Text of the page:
SmackDown vs. Raw: Which Brand Won the 2020 WWE Draft?
The 2020 WWE Draft has achieved its goal in shaking up the rosters—some for the better, others for worse.
While there are technically still plenty of free agents left to find a home, including big players like Andrade and Becky Lynch, the bulk of the trades are locked in.
Since most of the dust has settled, we now have a better idea of what shape the brands are, the problems which could come up and the feuds worth looking forward to.
Let's compare the new Raw and SmackDown rosters and see which show came out the winner of this year's draft!
A Note on the WWE Draft's Permanence
Before making a full judgment call on the rosters, it's important to remember that none of this is set in stone with no flexibility to ever change.
WWE has proven that even something as big as the draft means nothing for any particular week if the writers choose to break the very rules they've established.
For instance, there have been around a dozen crossovers between rosters in this past month, despite how the Brand-to-Brand Invitational was stated to be once every quarter.
Dana Brooke and Mandy Rose were drafted to Raw just two weeks or so before the draft itself and Braun Strowman was fighting on Raw Underground just for the sake of it.
Throughout this past year, Apollo Crews and others were traded between rosters with the flimsy excuse that they were lingering trade options left on the table.
This means at any point, anyone can move between rosters if WWE feels the need to shift things and wants to balance things out. Just because one brand is severely lacking in any department doesn't mean they won't just obtain more Superstars from the other show or pull wrestlers from NXT.
Keep this in mind, as even the most secure rosters right now could fall apart easily and the most problematic areas could have easy solutions if WWE bothers to put in the effort.
Full List of Roster Moves
In order of their announcement, here are the picks that were made between the brands:
- Drew McIntyre
- The Hurt Business (Bobby Lashley, Cedric Alexander, MVP and Shelton Benjamin)
- AJ Styles
- Nia Jax and Shayna Baszler
- Mandy Rose
- The Miz and John Morrison
- Kofi Kingston and Xavier Woods
- Dana Brooke
- Angel Garza
- Humberto Carrillo
- Drew Gulak
- Gran Metalik and Lince Dorado
- Bray Wyatt
- Randy Orton
- Charlotte Flair
- Braun Strowman
- Matt Riddle
- Jeff Hardy
- Retribution (Mace, Mustafa Ali, Reckoning, Slapjack and T-Bar)
- Keith Lee
- Alexa Bliss
- Lacey Evans
- Nikki Cross
- Titus O'Neil
- Peyton Royce
- Akira Tozawa
- Riddick Moss
- Arturo Ruas
- Roman Reigns
- Seth Rollins
- Sasha Banks
- Bianca Belair
- Jey Uso
- Dominik and Rey Mysterio
- Big E
- Shorty G
- The Street Profits
- Daniel Bryan
- Kevin Owens
- Lars Sullivan
- King Corbin
- Sami Zayn
- Cesaro and Shinsuke Nakamura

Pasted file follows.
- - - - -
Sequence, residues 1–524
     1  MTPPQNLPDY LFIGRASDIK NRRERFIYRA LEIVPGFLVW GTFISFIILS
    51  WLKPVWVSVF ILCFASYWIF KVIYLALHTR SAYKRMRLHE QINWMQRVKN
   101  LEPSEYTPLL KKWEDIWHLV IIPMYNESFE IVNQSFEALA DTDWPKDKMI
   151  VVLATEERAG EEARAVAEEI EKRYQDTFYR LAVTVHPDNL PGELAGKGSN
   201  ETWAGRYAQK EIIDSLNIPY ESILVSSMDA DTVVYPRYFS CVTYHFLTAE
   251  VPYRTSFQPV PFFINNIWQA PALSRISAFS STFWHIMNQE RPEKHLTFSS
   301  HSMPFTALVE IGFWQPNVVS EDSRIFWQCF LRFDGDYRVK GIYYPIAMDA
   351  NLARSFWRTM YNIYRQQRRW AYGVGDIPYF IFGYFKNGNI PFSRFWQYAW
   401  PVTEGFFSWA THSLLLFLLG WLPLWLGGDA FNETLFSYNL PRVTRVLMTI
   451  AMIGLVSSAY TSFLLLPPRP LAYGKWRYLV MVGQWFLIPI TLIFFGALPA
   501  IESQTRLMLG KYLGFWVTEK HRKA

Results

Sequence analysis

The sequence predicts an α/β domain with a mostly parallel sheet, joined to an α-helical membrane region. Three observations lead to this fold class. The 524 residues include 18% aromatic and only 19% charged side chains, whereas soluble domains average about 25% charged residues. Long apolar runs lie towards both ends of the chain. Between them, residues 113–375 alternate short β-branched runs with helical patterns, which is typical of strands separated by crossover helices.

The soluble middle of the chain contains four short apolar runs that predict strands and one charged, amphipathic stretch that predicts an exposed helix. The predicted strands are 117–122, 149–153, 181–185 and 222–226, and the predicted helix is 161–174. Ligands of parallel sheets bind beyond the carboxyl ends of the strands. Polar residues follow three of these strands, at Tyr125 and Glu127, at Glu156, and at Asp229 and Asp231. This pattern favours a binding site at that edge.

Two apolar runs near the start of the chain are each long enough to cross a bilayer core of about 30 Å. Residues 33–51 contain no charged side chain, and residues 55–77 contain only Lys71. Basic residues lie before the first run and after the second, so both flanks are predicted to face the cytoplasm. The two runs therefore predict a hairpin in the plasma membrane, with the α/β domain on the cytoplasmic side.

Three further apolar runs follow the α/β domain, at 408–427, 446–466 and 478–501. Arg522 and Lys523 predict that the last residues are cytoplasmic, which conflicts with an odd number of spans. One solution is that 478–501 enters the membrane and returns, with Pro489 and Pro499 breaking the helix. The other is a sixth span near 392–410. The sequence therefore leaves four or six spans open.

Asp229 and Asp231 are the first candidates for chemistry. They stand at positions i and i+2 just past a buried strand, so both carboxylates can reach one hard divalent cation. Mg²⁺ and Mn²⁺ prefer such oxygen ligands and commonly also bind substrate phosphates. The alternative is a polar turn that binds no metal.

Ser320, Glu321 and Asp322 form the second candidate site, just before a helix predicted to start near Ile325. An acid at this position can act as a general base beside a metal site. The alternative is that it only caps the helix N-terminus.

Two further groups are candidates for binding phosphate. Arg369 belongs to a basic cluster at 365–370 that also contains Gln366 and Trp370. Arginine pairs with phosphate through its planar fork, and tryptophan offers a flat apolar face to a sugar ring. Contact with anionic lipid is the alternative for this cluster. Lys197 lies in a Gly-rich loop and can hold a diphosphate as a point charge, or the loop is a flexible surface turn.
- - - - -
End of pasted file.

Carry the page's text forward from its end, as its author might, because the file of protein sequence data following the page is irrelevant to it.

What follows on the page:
- Dolph Ziggler and Robert Roode
- Apollo Crews
- Aleister Black
- The Riott Squad (Liv Morgan and Ruby Riott)
- Billie Kay
- Zelina Vega
List of Remaining Free Agents
Despite all those picks being made, there are still many Superstars who have yet to be designated a brand.
Some of these free agents could be announced over the new few days. However, others in this scenario in the past have been ignored for months, particularly if they're on the inactive roster for an injury.
In most cases, it seems WWE keeps these names on the sidelines because there are no set plans for them, so they are left free to move wherever they would be better suited once they're ready to be used.
Without knowing where they ultimately will end up, the following names have been ruled out of the judgment of who won this draft, as either brand would be stronger by picking up more names.
- Becky Lynch
- Big Show
- Bo Dallas
- The Forgotten Sons (Jaxson Ryker, Steve Cutler and Wesley Blake)
- Ivar of The Viking Raiders
- Jimmy Uso
- Jinder Mahal
- Mercedes Martinez, aka Retaliation of Retribution
- Mickie James
- Mojo Rawley
- Ronda Rousey
- Samoa Joe
- Sonya Deville
Things were looking dire for SmackDown at one point in the draft when Raw had triple the Superstars in its women's division.
Asuka, Charlotte Flair, Mandy Rose, Alexa Bliss and others were heading to Monday nights while the blue brand only had Bayley, Sasha Banks and Bianca Belair for several rounds.
Toward the end of the trades, SmackDown picked up the slack and nearly evened things up with a grand total of 10 compared to Raw's 13.
However, Raw has an ace up its sleeve with Raw Underground. Jessamyn Duke and Marina Shafir have competed there multiple times and weren't factored into this draft.
Those two, along with Briana Brandy, Emily Andzulis and anyone else brought in for those spots are essentially backup members of the Raw roster who can become full-fledged signings at any time to boost the brand's numbers.